As the consequences of the Russian-Ukrainian war ricochet through global politics, the West has never been more closely aligned. It has also rarely been more alone. Allies in the North Atlantic Treaty Organization plus Australia and Japan are united in revulsion against Vladimir Putin’s war and are cooperating with the most sweeping sanctions since World War II. The rest of the world, not so much.
In a development that suggests trouble ahead, China’s basic approach—not endorsing Moscow’s aggression but resisting Western efforts to punish Russia—has garnered global support. South African President Cyril Ramaphosa blamed the war on NATO. Brazil’s president, Jair Bolsonaro, refused to condemn Russia. India and Vietnam, essential partners for any American strategy in the Indo-Pacific, are closer to China than the U.S. in their approach to the war.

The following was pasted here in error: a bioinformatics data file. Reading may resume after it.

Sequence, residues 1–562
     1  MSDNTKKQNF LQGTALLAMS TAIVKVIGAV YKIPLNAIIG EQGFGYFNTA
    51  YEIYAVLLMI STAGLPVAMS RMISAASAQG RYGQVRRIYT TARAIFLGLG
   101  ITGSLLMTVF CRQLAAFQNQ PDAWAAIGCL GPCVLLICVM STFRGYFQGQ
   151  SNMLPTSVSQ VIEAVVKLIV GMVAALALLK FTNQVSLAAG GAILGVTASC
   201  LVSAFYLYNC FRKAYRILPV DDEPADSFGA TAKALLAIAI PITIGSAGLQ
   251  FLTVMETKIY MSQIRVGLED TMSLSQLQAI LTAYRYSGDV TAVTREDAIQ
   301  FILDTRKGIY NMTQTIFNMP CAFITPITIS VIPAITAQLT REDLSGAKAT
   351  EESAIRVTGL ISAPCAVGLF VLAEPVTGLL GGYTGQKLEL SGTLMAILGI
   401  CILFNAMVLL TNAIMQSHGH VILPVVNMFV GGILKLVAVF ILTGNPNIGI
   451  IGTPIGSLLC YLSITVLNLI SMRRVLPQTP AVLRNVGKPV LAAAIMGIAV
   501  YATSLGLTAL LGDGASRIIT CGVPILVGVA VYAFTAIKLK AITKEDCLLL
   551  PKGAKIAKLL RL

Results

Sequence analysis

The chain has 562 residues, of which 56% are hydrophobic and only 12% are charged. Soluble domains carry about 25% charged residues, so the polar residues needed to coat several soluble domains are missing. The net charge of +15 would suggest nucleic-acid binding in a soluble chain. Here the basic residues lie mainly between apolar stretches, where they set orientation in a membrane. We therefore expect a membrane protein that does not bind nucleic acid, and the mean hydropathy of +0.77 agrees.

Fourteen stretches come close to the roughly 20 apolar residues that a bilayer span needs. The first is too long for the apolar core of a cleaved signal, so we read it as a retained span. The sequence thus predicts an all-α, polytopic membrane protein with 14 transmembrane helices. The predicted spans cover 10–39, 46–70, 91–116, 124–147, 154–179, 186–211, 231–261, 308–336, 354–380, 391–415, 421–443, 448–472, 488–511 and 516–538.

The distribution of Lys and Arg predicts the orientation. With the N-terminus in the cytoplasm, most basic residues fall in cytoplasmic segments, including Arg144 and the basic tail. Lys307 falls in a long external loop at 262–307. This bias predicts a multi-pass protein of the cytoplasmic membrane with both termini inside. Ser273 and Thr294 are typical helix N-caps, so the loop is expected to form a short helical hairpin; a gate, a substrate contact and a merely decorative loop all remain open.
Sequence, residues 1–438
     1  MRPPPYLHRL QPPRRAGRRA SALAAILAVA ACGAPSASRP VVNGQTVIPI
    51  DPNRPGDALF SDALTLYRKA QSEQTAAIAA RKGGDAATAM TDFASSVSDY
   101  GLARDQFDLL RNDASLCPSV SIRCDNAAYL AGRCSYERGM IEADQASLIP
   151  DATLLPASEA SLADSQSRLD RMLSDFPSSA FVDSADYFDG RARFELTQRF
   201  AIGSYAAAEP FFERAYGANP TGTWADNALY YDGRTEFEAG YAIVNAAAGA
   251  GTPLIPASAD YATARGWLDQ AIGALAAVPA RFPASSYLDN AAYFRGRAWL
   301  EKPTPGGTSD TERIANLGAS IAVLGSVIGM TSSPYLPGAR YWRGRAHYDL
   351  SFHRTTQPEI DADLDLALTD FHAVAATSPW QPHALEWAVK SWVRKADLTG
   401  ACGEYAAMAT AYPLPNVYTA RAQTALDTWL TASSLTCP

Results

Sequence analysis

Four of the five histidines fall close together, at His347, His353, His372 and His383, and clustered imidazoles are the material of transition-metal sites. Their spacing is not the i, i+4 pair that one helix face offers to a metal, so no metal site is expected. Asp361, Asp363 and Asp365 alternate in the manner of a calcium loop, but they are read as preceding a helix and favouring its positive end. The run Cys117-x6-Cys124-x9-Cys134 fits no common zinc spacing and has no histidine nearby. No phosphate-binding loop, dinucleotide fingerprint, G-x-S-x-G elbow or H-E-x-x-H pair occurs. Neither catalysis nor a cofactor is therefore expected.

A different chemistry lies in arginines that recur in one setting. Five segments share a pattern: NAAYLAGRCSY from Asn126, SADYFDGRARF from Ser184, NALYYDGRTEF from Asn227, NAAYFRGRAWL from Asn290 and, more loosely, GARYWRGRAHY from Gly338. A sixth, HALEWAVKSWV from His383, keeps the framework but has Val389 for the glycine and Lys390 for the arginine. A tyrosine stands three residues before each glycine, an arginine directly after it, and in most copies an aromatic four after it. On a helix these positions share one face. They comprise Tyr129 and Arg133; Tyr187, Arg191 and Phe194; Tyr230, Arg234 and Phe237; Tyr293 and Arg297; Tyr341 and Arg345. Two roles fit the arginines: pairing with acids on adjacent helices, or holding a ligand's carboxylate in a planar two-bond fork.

Western arm-twisting and the powerful effect of bank sanctions ensure a certain degree of sanctions compliance and support for symbolic U.N. resolutions condemning Russian aggression. But the lack of non-Western enthusiasm for America’s approach to Mr. Putin’s war is a phenomenon that U.S. policy makers ignore at their peril. Just as Western policy makers, lost in fantasies about building a “posthistorical world,” failed to grasp the growing threat of great-power competition, they have failed to note the development of a gap between the West and the rest of the world that threatens to hand the revisionist powers major opportunities in coming years. The Biden administration appears not to understand the gap between Washington and what used to be called the Third World, the degree to which its own policies contribute to the divide, or the opportunities this gap creates for China.
Opposition to Russia looked like a global slam dunk to many in the West. World opinion would so robustly oppose Moscow’s attack that countries like China would pay a high political price for failing to jump onto the anti-Russia bandwagon.
Read the full article in the Wall Street Journal